This paper presents analyses, and recognition experiments, on spontaneous American English speech collected from children aged from 8 to 13 years. These analyses focused on variations in phone duration and on the scattering of phones in the acoustic space and were aimed at achieving a better understanding of spectral and temporal changes occurring in spontaneous speech produced by children of various ages with a view toward developing robust automatic speech recognition applications. The speech data were partitioned in two subsets depending on the annotated presence/absence of explicit occurrences of spontaneous speech phenomena such as fillers, false starts and other disfluencies. All the analyses carried out, as well as the results of recognition experiments, show a significant difference between these two partitions. In particular, recognition performance for the subset containing annotated spontaneous speech phenomena was significantly worse (by almost 15%) than the one achieved for the other subset. Relative improvements due to acoustic model adaptation and normalization on both data partitions were comparable, underscoring that significant performance degradation happens due to spontaneous speech variability beyond those reflected in segmental spectral characteristics.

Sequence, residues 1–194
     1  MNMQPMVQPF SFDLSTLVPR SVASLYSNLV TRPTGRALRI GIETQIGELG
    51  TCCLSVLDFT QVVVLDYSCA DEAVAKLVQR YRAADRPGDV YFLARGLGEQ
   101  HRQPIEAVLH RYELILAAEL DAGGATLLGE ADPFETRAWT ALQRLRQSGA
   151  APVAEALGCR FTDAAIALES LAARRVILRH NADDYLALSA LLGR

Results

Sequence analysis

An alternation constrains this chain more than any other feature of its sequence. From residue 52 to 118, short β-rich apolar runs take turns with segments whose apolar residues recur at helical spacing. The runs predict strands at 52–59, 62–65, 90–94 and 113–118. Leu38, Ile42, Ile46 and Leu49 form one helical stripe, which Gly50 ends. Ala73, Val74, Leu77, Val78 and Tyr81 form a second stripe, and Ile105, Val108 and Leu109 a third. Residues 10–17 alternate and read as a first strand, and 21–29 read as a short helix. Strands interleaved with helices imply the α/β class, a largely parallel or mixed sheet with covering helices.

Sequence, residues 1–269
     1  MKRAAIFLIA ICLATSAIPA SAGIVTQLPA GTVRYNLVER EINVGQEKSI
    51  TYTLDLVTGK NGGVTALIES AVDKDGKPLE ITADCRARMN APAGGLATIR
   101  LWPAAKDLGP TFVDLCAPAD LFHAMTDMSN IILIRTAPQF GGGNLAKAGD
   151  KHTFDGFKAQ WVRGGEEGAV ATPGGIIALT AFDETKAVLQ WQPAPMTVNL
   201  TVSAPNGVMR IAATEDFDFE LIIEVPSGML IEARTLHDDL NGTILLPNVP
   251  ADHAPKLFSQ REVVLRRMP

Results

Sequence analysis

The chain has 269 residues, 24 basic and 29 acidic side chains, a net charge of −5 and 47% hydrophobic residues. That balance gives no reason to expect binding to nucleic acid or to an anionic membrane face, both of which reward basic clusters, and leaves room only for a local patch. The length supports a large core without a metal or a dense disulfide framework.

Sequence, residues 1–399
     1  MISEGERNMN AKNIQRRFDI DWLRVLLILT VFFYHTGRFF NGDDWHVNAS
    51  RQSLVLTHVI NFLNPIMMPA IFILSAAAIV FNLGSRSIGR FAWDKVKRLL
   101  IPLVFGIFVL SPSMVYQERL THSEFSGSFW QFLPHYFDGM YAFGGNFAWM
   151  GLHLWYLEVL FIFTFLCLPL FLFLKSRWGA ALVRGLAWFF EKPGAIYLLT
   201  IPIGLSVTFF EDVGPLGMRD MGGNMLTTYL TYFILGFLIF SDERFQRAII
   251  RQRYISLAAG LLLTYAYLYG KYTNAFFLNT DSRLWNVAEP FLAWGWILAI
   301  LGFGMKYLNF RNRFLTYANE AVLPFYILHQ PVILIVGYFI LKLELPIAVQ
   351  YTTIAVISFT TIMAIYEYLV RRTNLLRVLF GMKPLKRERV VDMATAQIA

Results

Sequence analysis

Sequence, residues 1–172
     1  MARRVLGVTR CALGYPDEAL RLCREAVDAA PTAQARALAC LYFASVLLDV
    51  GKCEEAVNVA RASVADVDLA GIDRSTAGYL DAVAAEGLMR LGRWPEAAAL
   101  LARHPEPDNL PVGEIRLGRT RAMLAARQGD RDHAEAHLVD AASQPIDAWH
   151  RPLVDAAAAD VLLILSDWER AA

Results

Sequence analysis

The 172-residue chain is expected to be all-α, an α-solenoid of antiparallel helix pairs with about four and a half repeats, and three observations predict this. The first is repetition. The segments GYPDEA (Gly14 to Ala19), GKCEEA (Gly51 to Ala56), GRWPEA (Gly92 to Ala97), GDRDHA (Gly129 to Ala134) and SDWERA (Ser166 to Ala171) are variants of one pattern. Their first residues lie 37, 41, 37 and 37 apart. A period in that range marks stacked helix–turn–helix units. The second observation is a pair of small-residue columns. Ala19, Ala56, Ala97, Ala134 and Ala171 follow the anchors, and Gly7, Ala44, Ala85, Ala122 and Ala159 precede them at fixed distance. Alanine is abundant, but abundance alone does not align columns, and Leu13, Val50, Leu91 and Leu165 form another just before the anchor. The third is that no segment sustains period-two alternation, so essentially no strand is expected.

Acoustic Analysis and Automatic Recognition of Spontaneous Children´s Speech

Gerosa, Matteo;Giuliani, Diego;
2006

Abstract

This paper presents analyses, and recognition experiments, on spontaneous American English speech collected from children aged from 8 to 13 years. These analyses focused on variations in phone duration and on the scattering of phones in the acoustic space and were aimed at achieving a better understanding of spectral and temporal changes occurring in spontaneous speech produced by children of various ages with a view toward developing robust automatic speech recognition applications. The speech data were partitioned in two subsets depending on the annotated presence/absence of explicit occurrences of spontaneous speech phenomena such as fillers, false starts and other disfluencies. All the analyses carried out, as well as the results of recognition experiments, show a significant difference between these two partitions. In particular, recognition performance for the subset containing annotated spontaneous speech phenomena was significantly worse (by almost 15%) than the one achieved for the other subset. Relative improvements due to acoustic model adaptation and normalization on both data partitions were comparable, underscoring that significant performance degradation happens due to spontaneous speech variability beyond those reflected in segmental spectral characteristics.
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Utilizza questo identificativo per citare o creare un link a questo documento: http://hdl.handle.net/11582/3386
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